Thursday, April 11, 2013

J is for Jejunely

Jejunely: Hungrily. From jejune, wanting, empty, vacant, hungry, dry, barren; from Latin jejunus (fasting). Jejuneness: poverty, barrenness, particularly wanting of interesting matter.

Example: "While occasionally useful, FWiG's blog was prone to long bouts of jejuneness."

Source: Imperial Lexicon (c. 1850) Rev. John Boag
Google hits: 22600

Jirging: The squeak that too-clean shoes make when walking. insists that squeaky-shoe is a problem which must be dealt with and recommends one or more of the following resolutions: baby powder, saddlesoap, stuffing with paper towel, adhesive, repair shops or returning the product as defective. They do not deal with the question: Why do we find it so insufferably embarrassing to have our shoe squeak and is it possibly the human being who is defective...

Source: Scottish Gallovidian Encyclopedia (1824) John MacTaggart
Google hits: 940

A note regarding the "google hits" statistics I've been collecting for FWiG's April A-to-Z Odditorium of Forgotten English: It's meant to hint at just how rare the word has become. However, if one really penetrates into the search variables you find that the vast majority of instances are just dictionaries and glossaries which champion old words. They're not actually using the word to communicate. And then if you filter through the remainder, usually all you can find are proper name usages, non-English usages, digitized documents from the nineteenth century and bloggers intentionally celebrating forgotten English! So of the 940 usages of jirging, for example, only 89 remain after filtering out dictionaries and of the remainder I could find no examples of plain modern usage; only the phenomena listed above.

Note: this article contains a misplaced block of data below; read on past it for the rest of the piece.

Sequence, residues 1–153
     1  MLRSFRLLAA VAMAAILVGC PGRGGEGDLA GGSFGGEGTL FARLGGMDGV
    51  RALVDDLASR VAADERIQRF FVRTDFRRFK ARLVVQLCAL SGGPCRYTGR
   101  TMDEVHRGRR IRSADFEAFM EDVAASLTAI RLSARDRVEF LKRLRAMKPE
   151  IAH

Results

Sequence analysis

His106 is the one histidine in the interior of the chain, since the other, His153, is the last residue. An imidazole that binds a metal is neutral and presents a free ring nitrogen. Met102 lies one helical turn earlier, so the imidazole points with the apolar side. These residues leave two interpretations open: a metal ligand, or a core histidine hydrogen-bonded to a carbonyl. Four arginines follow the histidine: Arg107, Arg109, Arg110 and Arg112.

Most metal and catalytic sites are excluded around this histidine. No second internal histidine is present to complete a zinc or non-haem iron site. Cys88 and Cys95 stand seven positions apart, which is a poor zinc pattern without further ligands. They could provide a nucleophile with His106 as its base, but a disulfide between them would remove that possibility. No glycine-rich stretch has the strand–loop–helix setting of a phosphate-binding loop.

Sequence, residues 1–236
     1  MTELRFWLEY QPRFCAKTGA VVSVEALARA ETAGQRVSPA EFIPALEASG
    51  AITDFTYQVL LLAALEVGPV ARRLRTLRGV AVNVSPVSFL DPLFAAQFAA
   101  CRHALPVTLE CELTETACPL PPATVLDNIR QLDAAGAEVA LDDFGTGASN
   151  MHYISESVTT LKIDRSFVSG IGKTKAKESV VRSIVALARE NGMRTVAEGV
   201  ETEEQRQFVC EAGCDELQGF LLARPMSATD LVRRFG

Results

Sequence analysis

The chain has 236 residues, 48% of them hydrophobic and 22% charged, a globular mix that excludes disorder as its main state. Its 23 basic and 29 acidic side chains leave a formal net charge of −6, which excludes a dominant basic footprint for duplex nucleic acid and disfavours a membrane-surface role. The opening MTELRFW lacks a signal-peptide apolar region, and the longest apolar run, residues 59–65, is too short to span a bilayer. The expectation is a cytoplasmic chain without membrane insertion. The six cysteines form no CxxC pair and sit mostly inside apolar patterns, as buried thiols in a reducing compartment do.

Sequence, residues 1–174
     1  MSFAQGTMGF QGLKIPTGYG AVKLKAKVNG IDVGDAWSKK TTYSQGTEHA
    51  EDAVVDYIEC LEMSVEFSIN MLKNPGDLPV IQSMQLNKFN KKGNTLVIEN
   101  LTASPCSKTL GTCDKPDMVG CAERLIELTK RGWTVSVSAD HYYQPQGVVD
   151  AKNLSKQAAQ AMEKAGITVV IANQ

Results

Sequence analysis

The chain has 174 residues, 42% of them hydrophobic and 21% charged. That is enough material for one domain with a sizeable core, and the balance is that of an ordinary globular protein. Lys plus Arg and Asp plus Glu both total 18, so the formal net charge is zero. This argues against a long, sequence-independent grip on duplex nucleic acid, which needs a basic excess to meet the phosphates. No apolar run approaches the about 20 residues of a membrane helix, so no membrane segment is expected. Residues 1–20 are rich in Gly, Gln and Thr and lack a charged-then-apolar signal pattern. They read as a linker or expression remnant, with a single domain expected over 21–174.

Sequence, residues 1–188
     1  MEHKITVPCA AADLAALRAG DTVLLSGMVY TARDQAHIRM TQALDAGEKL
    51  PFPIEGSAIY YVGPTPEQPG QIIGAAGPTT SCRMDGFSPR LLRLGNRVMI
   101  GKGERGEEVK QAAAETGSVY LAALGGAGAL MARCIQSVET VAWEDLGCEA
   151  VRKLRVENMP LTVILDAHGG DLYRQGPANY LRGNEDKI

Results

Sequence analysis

Juglandine: A substance contained in the juice expressed from the green shell of the walnut, used as a remedy in cutaneous and scrofulous diseases and for dying the hair black.

Additionally it was used in "walnut ketchup" along with pepper, salt, vinegar, cloves, nutmeg, ginger and mace. Mace the spice, I presume, and not the spray.

Source: Dictionary of the English Language (1897) Daniel Lyon
Google hits: 30800

Slap or mace?

1 comment:

thelmaz said...

Stopping by from the Challenge. I love weird words.